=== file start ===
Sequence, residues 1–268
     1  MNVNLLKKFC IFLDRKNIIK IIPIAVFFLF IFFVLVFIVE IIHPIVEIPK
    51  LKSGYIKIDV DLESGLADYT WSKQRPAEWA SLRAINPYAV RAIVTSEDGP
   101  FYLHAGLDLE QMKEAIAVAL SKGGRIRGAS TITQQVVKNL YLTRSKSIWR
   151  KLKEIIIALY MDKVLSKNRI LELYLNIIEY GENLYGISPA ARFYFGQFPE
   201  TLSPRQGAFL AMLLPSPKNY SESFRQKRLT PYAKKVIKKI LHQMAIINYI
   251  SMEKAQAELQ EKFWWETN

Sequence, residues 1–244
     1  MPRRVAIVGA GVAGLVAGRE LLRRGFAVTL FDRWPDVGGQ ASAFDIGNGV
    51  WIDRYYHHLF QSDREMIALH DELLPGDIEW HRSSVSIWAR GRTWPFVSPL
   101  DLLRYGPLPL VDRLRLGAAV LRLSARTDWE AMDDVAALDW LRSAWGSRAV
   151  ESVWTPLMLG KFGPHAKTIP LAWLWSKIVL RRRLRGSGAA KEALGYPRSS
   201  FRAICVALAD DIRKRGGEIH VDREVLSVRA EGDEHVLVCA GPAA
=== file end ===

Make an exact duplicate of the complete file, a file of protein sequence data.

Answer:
Sequence, residues 1–268
     1  MNVNLLKKFC IFLDRKNIIK IIPIAVFFLF IFFVLVFIVE IIHPIVEIPK
    51  LKSGYIKIDV DLESGLADYT WSKQRPAEWA SLRAINPYAV RAIVTSEDGP
   101  FYLHAGLDLE QMKEAIAVAL SKGGRIRGAS TITQQVVKNL YLTRSKSIWR
   151  KLKEIIIALY MDKVLSKNRI LELYLNIIEY GENLYGISPA ARFYFGQFPE
   201  TLSPRQGAFL AMLLPSPKNY SESFRQKRLT PYAKKVIKKI LHQMAIINYI
   251  SMEKAQAELQ EKFWWETN

Sequence, residues 1–244
     1  MPRRVAIVGA GVAGLVAGRE LLRRGFAVTL FDRWPDVGGQ ASAFDIGNGV
    51  WIDRYYHHLF QSDREMIALH DELLPGDIEW HRSSVSIWAR GRTWPFVSPL
   101  DLLRYGPLPL VDRLRLGAAV LRLSARTDWE AMDDVAALDW LRSAWGSRAV
   151  ESVWTPLMLG KFGPHAKTIP LAWLWSKIVL RRRLRGSGAA KEALGYPRSS
   201  FRAICVALAD DIRKRGGEIH VDREVLSVRA EGDEHVLVCA GPAA